09-02-2008, 09:24 AM
Join Date: Jan 2008
Location: Reisterstown, Maryland
Greetings to one and all
“You haven’t changed a bit,” I said as I pulled the old burgundy colored hymnbook from the shelf. I’m not in the habit of talking to books but it might be interesting if this particular hymnbook could talk back to me.
I have a collection of old hymnbooks that friends have given me or I have gathered from various places over the years but this hymnbook was special. The old hymnbook with an arched church window etched on the front and the words “Tabernacle Hymns” looked quite the same as it did the first time I saw it. An edge or two was frayed but it was still in good condition. I opened it up and inside the cover was the date, 1957, so it would have been fairly new when it was given to me. I remembered this hymnbook well because it was the very first one that I had used as I learned to play the piano. Tucked away in the back of that old hymnbook I found the numbers that I had written down and titles that I had underlined as I learned to play those hymns.
I was just a little girl about eleven years old and I was just beginning to learn to play the piano when Willie Slocum, the Sunday School Superintendent, came up to me after church and asked me to accompany the congregation for the opening of Sunday school that next week. I thought the idea was exciting but really scary.
I told him that I didn’t know very many songs yet but he assured me that it would be fine. He said that I would learn and he asked me what I could already play. Mostly I had played from my piano lesson books but I told him I could play number 111 in the hymnbook, At Calvary, pretty well because it was written in the key of C and had no flats or sharps. Without hesitation, Willie said that would be a great song to play next Sunday morning
I immediately went home and began practicing number 111 all week long until my family probably heard it in their sleep. I practiced it slow, I practiced it fast; I practiced it while singing, and I practiced it while Momma or Daddy sang it for me so I could get the feel of accompanying someone else.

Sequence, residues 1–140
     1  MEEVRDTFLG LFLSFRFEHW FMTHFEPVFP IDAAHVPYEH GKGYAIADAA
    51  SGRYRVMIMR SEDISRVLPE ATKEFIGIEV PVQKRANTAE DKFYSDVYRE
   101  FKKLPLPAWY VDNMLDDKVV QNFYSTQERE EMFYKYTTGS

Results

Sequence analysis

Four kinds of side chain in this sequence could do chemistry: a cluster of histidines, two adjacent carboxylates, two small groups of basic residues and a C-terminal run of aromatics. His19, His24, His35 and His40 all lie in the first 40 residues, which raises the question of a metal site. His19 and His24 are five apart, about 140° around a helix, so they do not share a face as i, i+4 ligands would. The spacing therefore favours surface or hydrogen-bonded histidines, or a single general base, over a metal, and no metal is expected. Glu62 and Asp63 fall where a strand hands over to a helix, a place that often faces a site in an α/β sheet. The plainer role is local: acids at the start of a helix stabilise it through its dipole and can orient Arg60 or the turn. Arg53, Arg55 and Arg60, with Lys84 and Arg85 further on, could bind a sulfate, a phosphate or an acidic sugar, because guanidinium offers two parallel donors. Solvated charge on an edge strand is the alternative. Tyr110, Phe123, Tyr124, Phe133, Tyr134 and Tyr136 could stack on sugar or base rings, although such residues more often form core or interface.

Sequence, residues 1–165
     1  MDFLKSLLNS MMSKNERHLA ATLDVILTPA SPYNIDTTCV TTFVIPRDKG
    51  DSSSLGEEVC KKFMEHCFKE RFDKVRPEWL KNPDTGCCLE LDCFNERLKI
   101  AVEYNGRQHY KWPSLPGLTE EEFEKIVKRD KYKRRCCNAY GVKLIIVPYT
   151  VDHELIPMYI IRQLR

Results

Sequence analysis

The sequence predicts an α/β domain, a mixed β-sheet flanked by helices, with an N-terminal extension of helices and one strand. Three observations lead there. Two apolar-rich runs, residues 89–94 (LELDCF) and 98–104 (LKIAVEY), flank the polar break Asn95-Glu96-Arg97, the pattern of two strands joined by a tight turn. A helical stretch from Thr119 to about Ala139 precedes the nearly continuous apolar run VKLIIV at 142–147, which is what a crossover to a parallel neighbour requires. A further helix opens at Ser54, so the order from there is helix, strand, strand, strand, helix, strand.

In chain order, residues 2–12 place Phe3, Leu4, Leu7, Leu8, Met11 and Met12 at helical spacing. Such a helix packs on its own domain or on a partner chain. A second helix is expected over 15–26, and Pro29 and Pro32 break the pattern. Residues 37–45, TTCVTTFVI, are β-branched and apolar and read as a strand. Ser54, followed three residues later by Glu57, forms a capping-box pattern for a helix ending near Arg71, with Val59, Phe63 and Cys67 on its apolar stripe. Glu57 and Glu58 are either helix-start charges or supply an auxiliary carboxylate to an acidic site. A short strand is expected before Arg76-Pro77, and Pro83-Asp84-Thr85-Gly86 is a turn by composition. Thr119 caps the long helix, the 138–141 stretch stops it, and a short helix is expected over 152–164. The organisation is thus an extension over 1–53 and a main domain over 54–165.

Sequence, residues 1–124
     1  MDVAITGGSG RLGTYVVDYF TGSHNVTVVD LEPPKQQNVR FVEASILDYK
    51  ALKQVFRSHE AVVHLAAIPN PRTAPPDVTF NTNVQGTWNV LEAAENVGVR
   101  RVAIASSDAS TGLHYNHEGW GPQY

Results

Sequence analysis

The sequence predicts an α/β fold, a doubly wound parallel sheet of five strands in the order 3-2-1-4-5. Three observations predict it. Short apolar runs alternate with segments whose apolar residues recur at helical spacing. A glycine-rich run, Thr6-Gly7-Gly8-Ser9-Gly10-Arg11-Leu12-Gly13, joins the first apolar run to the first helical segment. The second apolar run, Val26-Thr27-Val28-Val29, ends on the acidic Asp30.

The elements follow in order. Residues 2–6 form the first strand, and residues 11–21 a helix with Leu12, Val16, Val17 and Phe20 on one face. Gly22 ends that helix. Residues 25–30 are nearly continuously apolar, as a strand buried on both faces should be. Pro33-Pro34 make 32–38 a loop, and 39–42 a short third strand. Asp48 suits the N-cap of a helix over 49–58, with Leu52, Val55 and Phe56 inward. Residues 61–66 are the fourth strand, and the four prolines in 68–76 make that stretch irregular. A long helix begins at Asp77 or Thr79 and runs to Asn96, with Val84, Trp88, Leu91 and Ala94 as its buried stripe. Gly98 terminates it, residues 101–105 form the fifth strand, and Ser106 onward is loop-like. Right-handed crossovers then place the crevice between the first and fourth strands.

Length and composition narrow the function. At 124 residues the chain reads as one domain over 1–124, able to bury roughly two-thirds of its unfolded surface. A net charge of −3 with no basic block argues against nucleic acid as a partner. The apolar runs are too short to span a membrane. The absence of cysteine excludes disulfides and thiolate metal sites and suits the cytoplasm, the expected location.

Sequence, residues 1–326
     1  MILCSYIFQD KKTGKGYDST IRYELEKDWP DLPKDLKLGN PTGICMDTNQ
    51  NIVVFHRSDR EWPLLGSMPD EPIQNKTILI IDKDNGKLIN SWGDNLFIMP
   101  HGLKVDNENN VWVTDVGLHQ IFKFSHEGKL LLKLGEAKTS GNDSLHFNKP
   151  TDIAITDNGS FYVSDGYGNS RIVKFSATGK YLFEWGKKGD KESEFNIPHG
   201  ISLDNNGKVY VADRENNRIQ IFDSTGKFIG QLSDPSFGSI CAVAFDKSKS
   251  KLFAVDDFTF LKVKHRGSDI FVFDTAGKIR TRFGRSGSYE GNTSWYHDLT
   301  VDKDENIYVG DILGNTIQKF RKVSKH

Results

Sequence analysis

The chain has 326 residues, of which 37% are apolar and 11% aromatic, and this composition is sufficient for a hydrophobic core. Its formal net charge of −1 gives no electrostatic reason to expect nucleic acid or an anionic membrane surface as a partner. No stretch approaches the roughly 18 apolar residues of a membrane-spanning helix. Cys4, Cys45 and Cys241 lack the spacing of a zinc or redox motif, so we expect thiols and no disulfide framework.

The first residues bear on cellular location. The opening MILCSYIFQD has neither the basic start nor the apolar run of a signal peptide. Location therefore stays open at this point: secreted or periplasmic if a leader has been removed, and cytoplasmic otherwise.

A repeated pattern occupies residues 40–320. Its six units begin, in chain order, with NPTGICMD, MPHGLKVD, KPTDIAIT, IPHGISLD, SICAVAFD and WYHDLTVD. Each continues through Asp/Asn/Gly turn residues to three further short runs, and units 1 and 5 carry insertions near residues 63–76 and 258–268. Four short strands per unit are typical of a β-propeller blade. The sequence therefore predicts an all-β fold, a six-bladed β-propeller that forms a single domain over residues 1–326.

The next Sunday came and I played number 111 and got through it just fine. Willie seemed pleased and told me to write down a list of songs that I could play and he would choose from them when he picked the hymns for Sunday school opening.
As time went on, I worked hard to learn more hymns to add to the list. I knew number 111 well by then and so did the congregation!
By the time I was a teenager, I was often playing for the worship service as well as for Sunday school. I am thankful for Willie, a Sunday school Superintendent, who believed in a little girl who he had never heard play a note. It probably wasn’t so unusual for Willie who had lived by faith for many years.
Although it was written in 1895, by William R. Newell, it’s melody and message is timeless and as needed today as much as ever. The refrain still plays in my mind as I often go back to number 111, back “At Calvary” where “mercy there was great and grace was free”.
As Willie would say, “Take your hymnbooks and turn with me to Number 111.”
~ Pamela Perry Blaine ~